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Springbok fans are voting with their feet


You just had to read the comments on social media following the Boks’ defeat to the Wallabies on Saturday to know the support base is angry

A South African fan is seen during the Rugby Championship match between Australia and South Africa at Suncorp Stadium in Brisbane, 08 September 2018. Picture: EPA/DARREN ENGLAND EDITORIAL USE ONLY AUSTRALIA AND NEW ZEALAND OUT

The Springboks, and South African rugby in general, is on life support.

The fans are fed-up with a losing Bok side, they’re fed-up with too much of the same in Super Rugby, and no-one cares much about the Currie Cup anymore either.

Some have already turned their backs on the Boks, but you get the sense more and more once ardent supporters have had enough.

You just had to read the comments on social media following the Boks’ defeat to the Wallabies on Saturday to know the support base is angry.

Very angry.

And they have every right to be. For years now every new coach comes in and arranges planning camps, alignment camps, training camps call them what you will.

These guys talk a good game, say things that give the fans something to hang on to, something to believe in hope for, but then deliver exactly what the guy before him produced nothing.

If we’re honest with ourselves, the last time the Boks were great, and I mean really great, was way back in the late 90s when Nick Mallett was coach. He led his team on a then-record number of Test wins, the Boks were feared and respected, the fans believed they were the best in the world – and maybe back then they were?

You knew what you were going to get – passion, fight, skill, consistency, victories. But not any more.

Interest in the Boks is dwindling. The fans are talking and they’re saying they’re done.

We’ve again heard things like the Boks are “wounded” heck, they’ve been that for years now, and that they are on “life support”; they’ve also been in this state for who-knows-how-long?

The Boks, once one of the mighty teams in world rugby, were only able to attract 27 849 people to watch them take on the Wallabies in Brisbane last weekend. Compare that to the 66 318 people who paid to watch the same Wallabies face the All Blacks in Sydney three weeks earlier?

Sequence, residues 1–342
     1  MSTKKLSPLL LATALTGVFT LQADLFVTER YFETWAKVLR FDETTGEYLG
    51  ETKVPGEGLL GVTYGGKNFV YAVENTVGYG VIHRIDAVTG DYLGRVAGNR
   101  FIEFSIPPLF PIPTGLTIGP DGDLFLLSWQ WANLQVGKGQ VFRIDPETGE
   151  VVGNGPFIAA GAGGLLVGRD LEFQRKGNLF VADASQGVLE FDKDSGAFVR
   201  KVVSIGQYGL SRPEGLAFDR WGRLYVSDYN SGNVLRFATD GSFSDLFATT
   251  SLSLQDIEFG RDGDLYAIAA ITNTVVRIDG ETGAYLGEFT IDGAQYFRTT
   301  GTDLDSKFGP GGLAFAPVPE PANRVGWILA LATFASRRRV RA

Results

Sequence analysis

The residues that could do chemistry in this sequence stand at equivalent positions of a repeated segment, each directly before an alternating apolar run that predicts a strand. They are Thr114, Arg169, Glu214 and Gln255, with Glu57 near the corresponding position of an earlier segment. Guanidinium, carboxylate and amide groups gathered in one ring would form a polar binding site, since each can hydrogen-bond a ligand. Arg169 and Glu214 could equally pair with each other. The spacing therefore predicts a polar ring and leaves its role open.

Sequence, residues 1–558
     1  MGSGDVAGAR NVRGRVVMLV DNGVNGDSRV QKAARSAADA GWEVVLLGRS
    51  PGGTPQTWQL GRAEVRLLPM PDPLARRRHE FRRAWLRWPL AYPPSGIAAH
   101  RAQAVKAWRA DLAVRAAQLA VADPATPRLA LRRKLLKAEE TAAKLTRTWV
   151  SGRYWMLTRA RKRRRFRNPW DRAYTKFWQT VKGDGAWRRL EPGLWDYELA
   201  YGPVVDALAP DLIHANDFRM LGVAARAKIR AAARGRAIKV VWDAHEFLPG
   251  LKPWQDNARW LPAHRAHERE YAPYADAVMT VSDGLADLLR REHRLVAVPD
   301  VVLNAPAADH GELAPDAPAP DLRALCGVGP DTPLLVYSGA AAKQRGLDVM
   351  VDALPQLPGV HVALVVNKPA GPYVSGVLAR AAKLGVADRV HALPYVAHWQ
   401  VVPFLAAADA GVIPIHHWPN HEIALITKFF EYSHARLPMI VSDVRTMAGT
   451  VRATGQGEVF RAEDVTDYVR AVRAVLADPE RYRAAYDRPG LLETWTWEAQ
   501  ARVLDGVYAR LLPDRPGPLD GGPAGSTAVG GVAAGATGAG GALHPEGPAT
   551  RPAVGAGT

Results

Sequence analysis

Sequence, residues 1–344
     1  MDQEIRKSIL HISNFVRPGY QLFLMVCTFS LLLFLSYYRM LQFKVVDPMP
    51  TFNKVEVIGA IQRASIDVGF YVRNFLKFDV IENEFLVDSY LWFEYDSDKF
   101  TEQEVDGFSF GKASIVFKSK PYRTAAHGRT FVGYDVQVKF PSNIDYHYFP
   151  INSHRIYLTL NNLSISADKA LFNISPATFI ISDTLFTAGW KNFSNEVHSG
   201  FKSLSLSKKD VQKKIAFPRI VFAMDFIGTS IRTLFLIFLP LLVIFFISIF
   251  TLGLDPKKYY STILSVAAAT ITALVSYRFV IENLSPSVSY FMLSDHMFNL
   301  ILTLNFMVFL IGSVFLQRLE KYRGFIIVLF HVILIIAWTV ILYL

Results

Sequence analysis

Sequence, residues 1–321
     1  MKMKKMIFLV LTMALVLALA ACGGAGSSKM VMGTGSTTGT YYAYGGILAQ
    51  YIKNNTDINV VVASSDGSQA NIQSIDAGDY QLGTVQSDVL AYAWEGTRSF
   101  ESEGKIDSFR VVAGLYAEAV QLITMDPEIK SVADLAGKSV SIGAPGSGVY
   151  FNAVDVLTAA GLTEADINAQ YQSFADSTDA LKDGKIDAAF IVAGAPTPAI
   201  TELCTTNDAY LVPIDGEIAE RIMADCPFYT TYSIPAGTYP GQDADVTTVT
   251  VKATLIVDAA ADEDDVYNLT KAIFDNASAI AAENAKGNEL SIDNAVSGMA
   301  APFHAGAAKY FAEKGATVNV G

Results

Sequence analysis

Just last year only 17 528 turned up to watch Allister Coetzee’s team play in Perth. But it’s not only abroad that the fans don’t seem to care about watching the Boks. In Durban three weeks ago when they hosted Argentina only 26 836 paid to enter the stadium that’s just over half of the 52 000 capacity.

It’ll be interesting to see how many turn up in Port Elizabeth and Pretoria in the next few weeks to watch the home Tests against the Wallabies and All Blacks respectively.

But, if the Boks are losing support, spare a thought for the Currie Cup guys, who are playing in front of empty stands each week. Now that’s a competition on its knees.

There were just on 1 500 rugby supporters who went and watched their Griquas team host the Blue Bulls in Kimberley last Saturday. Yes, it was cold, but for a town that never gets any big rugby events, surely the Currie Cup is something for the fans to get excited about? Not.

And, not even the Lions (albeit a weakened team) can draw a decent crowd to Ellis Park in the Currie Cup; they had 5 350 and 3 424 fans watching them take on the Cheetahs and Griquas respectively recently.

For a myriad of reasons South African fans are losing interest in their rugby.

A Springbok team that wins regularly would go a long way to changing this, but sadly that appears to be a long, long way off right now.